Kau, who was on the council agenda to provide an update on the repair of the city’s streets, noted that construction was in the process on some thoroughfares, notably along Wilmington Avenue from El Segundo Boulevard to Rosecrans Avenue. Kau also said some of the street projects in the $4-5 million range were scheduled before he was hired in 2011.

That only served to incense Zurita, who responded:

“See, my question is, why haven’t we done the work? Why are we talking about bonds? See, this was back when it was campaign time in District One. We had these funds. You know what we’re lacking here in this city, [is] proper management.”

Zurita was pushing back against insinuations by speakers that council inaction is the blame for the city’s deplorable street conditions. But she was only getting started.

“See, what happens is, what you guys don’t understand, and what the city is talking about don’t tell the real story,” Zurita said. “It’s not the council, it’s not the council, at all. It’s the management. And we can only move the city’s business, pay the bills, implement the policies; but we cannot execute the work … we know the status of every street in the City of Compton … we have funding, we have grants, we have hired grant specialists to help us with street maintenance projects, we have a grants department, we have brought on consultants to help us with our streets…

“…so, I believe me, as council person, I’m not going to sit here and be falsely accused of not fixing the streets, because I have done everything in my power that I can do sitting here to have these streets repaired.

“So, this is who you hold accountable — city manager and his staff. That’s who you hold accountable in this. Not me. But I want to tell you, for those of you, young folks, that talk about you want to be informed, you need to get the facts. You need to go back and look at the council meeting that was addressed in the ‘alternate facts,’ because we talked about … we weren’t talking about fixing the streets and waiting on that. We were talking about taxing the people twice — taking out an additional bond for thirty years. That’s what the facts are.”

At that point Mayor Brown interjected that she was going to wait for the appropriate time to address her comments regarding property taxes and infrastructure bonds for the city….

To which Zurita countered, “Not when you’re having your friends doing it.”

“I don’t have any friends working or family working in the City of Compton,” Brown defended. “So, I just want to say that publicly. I have no friends, and no family or no consultants working in the City of Compton, and I don’t think very many people can say that sitting here … so, I’m going to move forward with public comment …”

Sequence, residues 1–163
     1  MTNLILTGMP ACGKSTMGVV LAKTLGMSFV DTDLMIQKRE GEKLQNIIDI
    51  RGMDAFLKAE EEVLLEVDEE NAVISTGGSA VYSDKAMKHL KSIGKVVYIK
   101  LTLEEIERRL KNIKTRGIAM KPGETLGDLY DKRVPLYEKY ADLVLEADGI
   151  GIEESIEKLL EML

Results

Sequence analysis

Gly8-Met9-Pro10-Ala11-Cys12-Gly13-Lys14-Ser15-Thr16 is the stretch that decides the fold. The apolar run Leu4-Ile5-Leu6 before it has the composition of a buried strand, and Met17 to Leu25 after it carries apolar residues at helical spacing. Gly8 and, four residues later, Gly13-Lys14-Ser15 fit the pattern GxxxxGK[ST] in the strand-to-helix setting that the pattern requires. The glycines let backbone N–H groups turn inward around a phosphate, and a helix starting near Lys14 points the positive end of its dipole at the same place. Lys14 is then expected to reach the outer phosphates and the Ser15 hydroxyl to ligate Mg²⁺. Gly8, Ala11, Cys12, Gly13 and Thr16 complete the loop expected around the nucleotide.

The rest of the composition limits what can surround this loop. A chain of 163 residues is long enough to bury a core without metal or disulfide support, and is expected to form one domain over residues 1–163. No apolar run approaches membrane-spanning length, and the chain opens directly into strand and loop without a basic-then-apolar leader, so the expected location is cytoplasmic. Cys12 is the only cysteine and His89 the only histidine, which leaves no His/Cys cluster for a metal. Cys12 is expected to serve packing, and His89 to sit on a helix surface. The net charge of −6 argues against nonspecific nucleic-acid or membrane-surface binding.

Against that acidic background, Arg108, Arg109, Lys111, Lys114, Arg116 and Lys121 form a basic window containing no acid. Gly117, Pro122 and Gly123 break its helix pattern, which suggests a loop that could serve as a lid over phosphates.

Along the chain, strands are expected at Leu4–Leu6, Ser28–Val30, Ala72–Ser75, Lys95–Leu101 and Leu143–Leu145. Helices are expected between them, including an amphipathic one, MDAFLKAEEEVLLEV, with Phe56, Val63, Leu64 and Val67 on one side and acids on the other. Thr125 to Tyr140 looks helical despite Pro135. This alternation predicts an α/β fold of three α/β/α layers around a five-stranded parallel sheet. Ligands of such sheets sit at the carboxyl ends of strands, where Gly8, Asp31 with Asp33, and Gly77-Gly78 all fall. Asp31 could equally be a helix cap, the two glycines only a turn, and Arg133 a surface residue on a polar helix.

The temperature in council chambers was elevating precipitately. Zurita interrupted the mayor — “I don’t have any friends, family or consultants that are working in finance and that are working with our bonds, and that are standing in line to do a bond for the City of Compton.”

Brown: “Neither do I.”

Zurita: “For the record. Thank you.”

Brown: “And like I said … and like I said, I’m going to move forward with public comment to take care of the city’s business, but as I said, it’s inconclusive, I have no one working [for] the City of Compton.”

Another speaker addressed the council and simply wanted to know with grant funding on hand, why hadn’t more street repair moved forward in Compton.

Zurita responded, “I’m not campaigning right now. I’m not in any campaign race. But I am in a fight to fix the streets. I’m not doing this ‘cause it’s three or four months before an election that I’m in. I’m living in a community that’s riddled with potholes … I’m not in a political race. I ‘m here for two more years, and I’m going to fight every day … for this management to spend the money that we have.

“Let’s get started (to applause). I keep saying the only way you can get something done is to get started. All this yap, yap, yapping, yapping ain’t doing nothing…”

Mayor Brown interrupted, urging the council to move forward, to which Zurita insisted that she was “going to finish talking,” that she had the right.

Mayor Brown asserted that she was chair of the meeting and that the council person could be asked to leave.

“This is about order. I don’t know where you can go and just be disruptive,” she said.

“I don’t know where you can go and lie, lie, lie,” Zurita shot back, spurring catcalls from the assembly.

The council meeting was beginning to unravel, but City Atty. Craig Cornwell very calmly interjected that, though the discussion was “heated,” a decorum was expected and for a moment the rancor subsided, but only for a moment after the following exchange:

Brown: “There’s a point of order for all of us, and no one up here sitting on the dais or in the audience can be disruptive of the meeting. And, I let council woman Zurita speak…

Zurita: “No, you didn’t let me speak, I spoke! You didn’t let me speak.”

Brown: “Well, I think that you should read the rules, ma’am and try to comport yourself with a little more dignity as an elected official.”

Zurita: “Yeah, some people don’t like to hear the facts. They like the ‘alternate facts.’”

Two other council members, Tina McCoy and Emma Sharif couldn’t get a word in edgewise. Perhaps they considered it prudent to stay out of the fray. Isaac Galvan, the lone male on the council, was absent.

You can view the rest of the meeting, including the “meltdown” at www.comptoncity.org

Visit council chambers, Tuesday, Feb. 14, 2017 at 5:30 p.m., at City Hall, 205 S. Willowbrook Ave., Compton, for the conclusion of “Compton’s Cratered Disgrace.” Or tune in online at the aforementioned website from the comfort of your own home.